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Neuschwenstein and /or Herrenchiemsee?

Our family of 4,kids 22 and 20 are traveling to Europe for 2 weeks in May.We begin out trip in Italy,and travel by train to Austria and Germany, leaving from Frankfurt. Please give your opinions concerning our itinerary with special focus on our visit to Munich/ side trips.I have read posts that give sound advice about slowing the pace a bit when you can allow for it. It caused me to wonder if fitting two castles in was too much, and which we should eliminate.I lean towards Neuschweinstein, but wonder if we should stay longer in Munich and cut out The Herrenchiemsee stop.We are an energetic bunch,and like to see all we can when on a vacation. This is my husband and children's first Europe trip.
Days 1-5- Italy
Day 6-Night train from Venice to Munich,arriving 6:10 a.m Day trip to Neuschweinstein.
Day 7-Dachau/ Munich
Day 8-train to Salzburg via Prien/ Herrenchiemsee
Day 9-12- Salzburg/ Day trip to Hallstat
Day 13-14- Rothenburg
Day 15 -Rudesheim/ Rhine cruise/ Koln ( full I know)
Day16- Leave from Frankfurt

Posted by
81 posts

We just did the Munich part of this trip last October. I might make a couple of recommendations. We drove all this and it was very easy so a train shouldn't be any problem.

Day 6 - I would recommend this be your day for Dachau/Munich.
Day 7 - Train to Salzburg via Prien/Herrenchiemsee
Day 8-11 - Salzburg/Day trip to Hallstat
Day 12-13 - Rothenberg
Day 14 - Neuschweinstein & Hoenswanghau Castles (This is the castle where Ludwig lived while Neuschweinstein was being built)

Herrenchiemsee is modeled after Versailles and is definitely worth the visit.

To me this seems a little more logical. This way you don't have to double back from Rothenberg which is on the way to Neuschweinstein.

Just as a side note if you could squeeze in Ludwig's "hunting lodge" - Linderhof - it would definitely be worth the time.

Your family will have an awesome time!

Posted by
5201 posts

"Please give your opinions concerning our itinerary..."

You have just 5 nights for all of Germany - and 5 nights in Salzburg? I could easily see just 3 nights in Salzburg including your day trip to Hallstatt.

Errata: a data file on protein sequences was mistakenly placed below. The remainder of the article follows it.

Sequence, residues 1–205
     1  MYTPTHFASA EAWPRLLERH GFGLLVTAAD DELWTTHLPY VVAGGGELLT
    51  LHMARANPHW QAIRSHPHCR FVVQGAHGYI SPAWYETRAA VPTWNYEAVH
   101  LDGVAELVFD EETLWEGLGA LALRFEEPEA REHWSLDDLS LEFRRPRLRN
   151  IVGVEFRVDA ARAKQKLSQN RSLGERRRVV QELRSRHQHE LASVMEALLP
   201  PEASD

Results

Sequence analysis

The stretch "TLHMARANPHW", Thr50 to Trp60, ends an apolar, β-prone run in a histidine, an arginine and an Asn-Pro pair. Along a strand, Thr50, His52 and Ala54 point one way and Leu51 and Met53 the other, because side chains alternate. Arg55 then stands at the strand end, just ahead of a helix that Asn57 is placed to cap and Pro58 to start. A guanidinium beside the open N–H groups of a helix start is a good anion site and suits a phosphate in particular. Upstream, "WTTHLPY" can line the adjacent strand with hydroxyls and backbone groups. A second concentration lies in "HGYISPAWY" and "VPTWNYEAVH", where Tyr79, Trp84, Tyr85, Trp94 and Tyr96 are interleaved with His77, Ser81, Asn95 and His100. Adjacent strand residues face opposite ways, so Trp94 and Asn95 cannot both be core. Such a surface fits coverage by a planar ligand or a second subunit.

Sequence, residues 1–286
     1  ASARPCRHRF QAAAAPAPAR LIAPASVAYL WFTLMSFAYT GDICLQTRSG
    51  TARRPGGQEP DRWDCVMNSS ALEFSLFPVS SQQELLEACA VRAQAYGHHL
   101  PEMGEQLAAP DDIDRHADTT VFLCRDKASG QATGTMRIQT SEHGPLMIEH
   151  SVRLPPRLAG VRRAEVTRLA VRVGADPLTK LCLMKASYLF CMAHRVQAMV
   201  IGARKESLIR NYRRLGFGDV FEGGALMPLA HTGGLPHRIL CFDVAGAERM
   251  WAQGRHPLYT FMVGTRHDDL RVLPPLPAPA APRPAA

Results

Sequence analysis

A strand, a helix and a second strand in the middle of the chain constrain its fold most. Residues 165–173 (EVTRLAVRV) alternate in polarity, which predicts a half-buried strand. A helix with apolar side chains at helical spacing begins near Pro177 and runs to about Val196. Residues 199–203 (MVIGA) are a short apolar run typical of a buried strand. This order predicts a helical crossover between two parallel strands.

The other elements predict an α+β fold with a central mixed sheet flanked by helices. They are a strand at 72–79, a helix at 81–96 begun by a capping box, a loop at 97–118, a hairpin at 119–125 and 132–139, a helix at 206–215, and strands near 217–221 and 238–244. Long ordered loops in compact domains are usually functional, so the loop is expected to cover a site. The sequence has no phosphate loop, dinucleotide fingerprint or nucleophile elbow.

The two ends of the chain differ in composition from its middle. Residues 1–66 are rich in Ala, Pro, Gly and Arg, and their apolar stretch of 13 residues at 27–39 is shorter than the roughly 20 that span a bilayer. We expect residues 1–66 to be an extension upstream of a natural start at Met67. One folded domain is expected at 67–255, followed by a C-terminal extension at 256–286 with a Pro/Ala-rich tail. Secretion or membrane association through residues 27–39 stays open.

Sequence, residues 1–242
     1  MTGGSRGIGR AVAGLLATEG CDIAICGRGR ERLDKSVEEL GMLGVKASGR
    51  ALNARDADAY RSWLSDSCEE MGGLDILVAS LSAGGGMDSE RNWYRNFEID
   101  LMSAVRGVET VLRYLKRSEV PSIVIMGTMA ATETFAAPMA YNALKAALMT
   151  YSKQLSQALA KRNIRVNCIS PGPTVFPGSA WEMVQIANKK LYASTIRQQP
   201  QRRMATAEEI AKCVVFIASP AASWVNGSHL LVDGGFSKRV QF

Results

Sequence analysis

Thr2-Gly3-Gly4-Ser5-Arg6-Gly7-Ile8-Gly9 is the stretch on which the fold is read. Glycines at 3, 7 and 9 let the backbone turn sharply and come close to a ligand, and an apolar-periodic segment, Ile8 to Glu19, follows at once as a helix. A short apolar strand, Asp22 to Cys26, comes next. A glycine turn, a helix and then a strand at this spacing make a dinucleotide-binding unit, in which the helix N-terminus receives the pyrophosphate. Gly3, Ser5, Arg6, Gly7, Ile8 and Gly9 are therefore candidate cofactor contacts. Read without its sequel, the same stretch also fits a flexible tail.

You say you "...wonder if fitting two castles in was too much" but in fact you have no castles on your list - just two late-19th-century residential palaces. NeuSCHWANstein (think swan, not pig) was created by a set designer to resemble a castle, but a real castle it is not. If you'd like to tour a castle, spend one night in the Middle Rhine Valley, where there are 40 real knights' castles in a 40-mile stretch of river. The 9:06 train leaving Rothenburg means an arrival in Rüdesheim at 13:04; have a bite to eat and catch the 14:15 boat north to St. Goar (15:55.) Drop bags at hotel and head up to Rheinfels Castle for a couple of hours. A 5-minute train ride south to Oberwesel (or a 10-min. ride to Bacharach) gets you a glimpse of some fine old-world towns, good places for an evening meal.

Head to Cologne the next morning. That way you'll have time to actually see something there, not just sleep there, before you head back to FRA.

Posted by
278 posts

funbunch- Russ made some good points re cutting Salzburg back a night or 2 and spending at least one night ( 2 is better) in the Middle Rhine Valley. Eaglesnest and the Konigsee is also an easy day trip from Salzburg. And I would recommend keeping your original routing to visit Neuschweinstein before traveling to Rothenburg and the Rhine to save travel time. With your tight schedule, Rothenburg is probably worth only 1 afternoon and night. Finally, Jerry made a good point about using a car in Germany. Pick it up when you get to Munich (better selection at the Munich airport) and drop it off at the Frankfurt airport. Get a good map at any gas station on the autobahn. A car gives you a lot more flexibility in that you can stop if you see something that is of interest, you are not tied to a train schedule, and it will probably be cheaper since there are 4 of you. A note of caution- don't drink before driving as the laws are very strict... Have a great trip!!!

Posted by
12040 posts

If you cut some time in Salzburg, I think you could easily see Herrenchiemsee and Neuschwanstein. Both worth visiting, especially if you pre-read a little about King Ludwig and some of his rather odd pecularities. Particularly his obsession with Wagner. For all the attention Salzburg gets, I must admit I was a little disappointed. It's an attractive city and worth visiting, but the historical core isn't particularly large and it doesn't take very long to see.

Rothenburg is worth a few hours, not two days.

Posted by
5201 posts

"Go and let yourself be awed by marvels, instead of letting someone snatch one of the absolute highlights of your German vacation away from you."

Funbunch is an adult who requested feedback on the itinerary with an eye to making changes him-/herself and will surely not permit any "snatching" of "marvels" from the family vacation. No one has even told Funbunch not to go there (but I think I will now.)